Visit just about any writing site and you are bound to find links to resources for writers. Nearly all these sites include the standard links one would expect: Duotrope Digest, for potential markets; Writer Beware, and Predators and Editors for markets and scams to avoid; links to dictionaries, thesauri, style and grammar guides; the ever popular Query Shark, and the Purdue Online Writing Lab (OWL). These are all valuable resources, but you probably already have most of them bookmarked. This article focuses on some less obvious links that I have found useful in my own writer’s journey. Many of them may not interest you at all, but I hope you will find at least one or two useful.
Bear in mind that I write mostly fantasy, science fiction, and mystery, so many of these links will be heavily skewed in those directions.
It is essential to come up with character and place names that truly work well with the genre, mood, and setting of your story. Baby name books tend to fall flat, unless you want all your characters to sound like typical middleschoolers. A good map or gazetteer works well for place names if you are writing in a contemporary setting, but if your story takes place off world they are fairly useless. You can create names that fit your story from whole cloth if your have the flair for it, or you can use some resources that tie in to your overall atmosphere.
For fantasy characters and settings I like to use related root words from the medieval or dark ages. There are several good sites steeped in Old Norse or Angle-Saxon, both of which meld nicely with my ideas for good high fantasy. One example, the University of Texas Linguistics Research Center, has dictionaries/word lists covering many early Indo-European languages, to include: Armenian, Classical Greek, Hittite, Old Irish, Old Norse, and Sanskrit to list just a few. Browsing through these is bound to generate something you can use.
You may be familiar with my “Dragon Gates” stories. These are fantasy stories with a medieval, Far Eastern flavor. When trying to come up with good names to match the mood I invariably turn to Zhongwen, a website dedicated to the etymology of Chinese characters. The English to Chinese translations can be explored for appropriate words to fit the tenor of the piece.
There is nothing like actual science when writing science fiction. Some of my favorite sites, both for names and getting the science right, at least mostly, are NASA and astronomy sites. NASA’s Jet Propulsion Laboratory has a wonderful online tutorial called “The Basics of Space Flight” which I highly recommend. Likewise, the NASA Astrobiology Program has a terrific website which can be mined for all kinds of information. And, of course, the ever growing lists of exoplanets make for tantalizing destinations.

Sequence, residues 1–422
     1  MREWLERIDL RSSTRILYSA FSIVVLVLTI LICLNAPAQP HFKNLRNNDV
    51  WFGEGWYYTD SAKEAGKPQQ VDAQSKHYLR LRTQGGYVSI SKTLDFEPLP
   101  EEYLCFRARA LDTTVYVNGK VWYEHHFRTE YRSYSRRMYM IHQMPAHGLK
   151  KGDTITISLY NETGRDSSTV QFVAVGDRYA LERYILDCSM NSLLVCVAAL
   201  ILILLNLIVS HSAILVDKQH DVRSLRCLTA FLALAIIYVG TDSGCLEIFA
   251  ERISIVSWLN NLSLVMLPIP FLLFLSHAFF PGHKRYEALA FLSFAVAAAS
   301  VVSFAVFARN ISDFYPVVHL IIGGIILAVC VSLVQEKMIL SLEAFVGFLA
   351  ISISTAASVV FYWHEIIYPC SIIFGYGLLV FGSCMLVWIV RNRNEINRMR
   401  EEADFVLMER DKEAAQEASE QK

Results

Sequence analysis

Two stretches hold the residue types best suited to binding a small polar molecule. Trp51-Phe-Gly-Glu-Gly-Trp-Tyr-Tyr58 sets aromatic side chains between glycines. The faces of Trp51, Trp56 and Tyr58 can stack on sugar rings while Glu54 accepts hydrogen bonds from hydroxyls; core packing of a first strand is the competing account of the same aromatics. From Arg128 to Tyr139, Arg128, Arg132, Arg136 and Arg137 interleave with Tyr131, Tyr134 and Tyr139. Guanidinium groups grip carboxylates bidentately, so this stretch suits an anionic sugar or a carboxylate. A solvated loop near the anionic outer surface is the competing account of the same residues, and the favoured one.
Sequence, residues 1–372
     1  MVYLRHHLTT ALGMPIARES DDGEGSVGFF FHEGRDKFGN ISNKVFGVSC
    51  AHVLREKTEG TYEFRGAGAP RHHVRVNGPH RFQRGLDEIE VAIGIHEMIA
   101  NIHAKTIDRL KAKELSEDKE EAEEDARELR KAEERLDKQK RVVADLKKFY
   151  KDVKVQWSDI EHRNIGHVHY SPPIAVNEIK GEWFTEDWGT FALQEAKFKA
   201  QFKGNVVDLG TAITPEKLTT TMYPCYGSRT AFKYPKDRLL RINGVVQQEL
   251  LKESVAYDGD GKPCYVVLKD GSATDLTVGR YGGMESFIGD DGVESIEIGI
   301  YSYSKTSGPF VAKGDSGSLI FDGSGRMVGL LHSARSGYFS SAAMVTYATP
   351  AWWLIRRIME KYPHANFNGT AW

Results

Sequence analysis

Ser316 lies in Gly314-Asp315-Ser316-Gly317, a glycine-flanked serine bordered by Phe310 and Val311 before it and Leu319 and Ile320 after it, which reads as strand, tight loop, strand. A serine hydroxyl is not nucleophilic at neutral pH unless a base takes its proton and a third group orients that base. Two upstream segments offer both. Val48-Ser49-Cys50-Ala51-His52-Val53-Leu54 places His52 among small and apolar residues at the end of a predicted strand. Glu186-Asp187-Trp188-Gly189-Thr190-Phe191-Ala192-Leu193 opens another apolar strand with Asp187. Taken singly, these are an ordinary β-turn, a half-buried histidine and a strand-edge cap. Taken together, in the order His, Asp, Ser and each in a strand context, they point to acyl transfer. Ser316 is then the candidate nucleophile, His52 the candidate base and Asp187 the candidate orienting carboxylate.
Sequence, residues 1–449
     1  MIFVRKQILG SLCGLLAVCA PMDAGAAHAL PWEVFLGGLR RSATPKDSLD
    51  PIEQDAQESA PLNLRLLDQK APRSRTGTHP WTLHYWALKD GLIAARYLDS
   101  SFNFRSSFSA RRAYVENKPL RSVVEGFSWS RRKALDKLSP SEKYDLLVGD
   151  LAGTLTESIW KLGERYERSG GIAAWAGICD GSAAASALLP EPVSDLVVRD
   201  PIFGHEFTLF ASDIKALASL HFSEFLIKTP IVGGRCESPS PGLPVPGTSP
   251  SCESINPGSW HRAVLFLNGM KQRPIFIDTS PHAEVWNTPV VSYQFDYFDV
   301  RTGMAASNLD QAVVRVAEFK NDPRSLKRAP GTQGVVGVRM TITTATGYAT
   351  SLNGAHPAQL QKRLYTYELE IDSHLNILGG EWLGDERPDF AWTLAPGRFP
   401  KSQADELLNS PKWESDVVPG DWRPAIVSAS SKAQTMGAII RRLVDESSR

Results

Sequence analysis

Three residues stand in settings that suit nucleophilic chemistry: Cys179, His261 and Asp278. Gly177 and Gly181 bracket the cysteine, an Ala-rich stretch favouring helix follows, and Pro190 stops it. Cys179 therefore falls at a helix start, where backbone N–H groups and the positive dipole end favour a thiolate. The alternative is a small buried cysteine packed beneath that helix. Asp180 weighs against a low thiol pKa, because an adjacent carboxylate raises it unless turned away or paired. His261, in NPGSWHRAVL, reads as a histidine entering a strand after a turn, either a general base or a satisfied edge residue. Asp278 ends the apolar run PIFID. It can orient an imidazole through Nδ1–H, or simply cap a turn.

When writing mysteries I like to get the lay of the land. I feel it adds a layer of authenticity to the tale I have to tell. While there is no substitute for on-site reconnaissance, I’m not particularly rich, thus a quick flight to the locale in question is usually right out. However, Google Maps, Bing Maps, and Google Earth can provide me with the details I just might not get right otherwise. I’ve also found state conservation agencies a godsend when trying to get the local flora and fauna right.
Of course all the characters in your latest noir can’t be named Sam Spade, nor is it likely the 85 year old woman your gumshoe talks to is named Madison or Courtney. It helps to know what names were popular in the past, something the baby name books are not likely to tell you, unless you happen to have an amazing historical collection of them on your bookshelf. Genealogy websites are good for finding period names, but tend to cost money. However, many states offer valuable free services you can mine for age appropriate names. I use the Missouri Digital Heritage website. Just type in a surname then scan down the list to the time period of interest to find given names that fit the bill.
There really is no end to the amazing resources one can find online to match just about any given genre, for fiction or nonfiction. My main recommendation is to try to stick with free sources that have some credentials. Just typing in “resources for writers” in a search box is likely to send you to sites with products to sell. While there is nothing wrong with that, other than thinning one’s wallet, Government and academic sites pull the most weight with me. They are far less likely to be honey pots simply trying to draw you in for a sale.
Do you have any favorite resources you’d like to share? Mention them in the comments below. We’ll put together a more comprehensive and permanent list of resources to add to our top menu in the near future.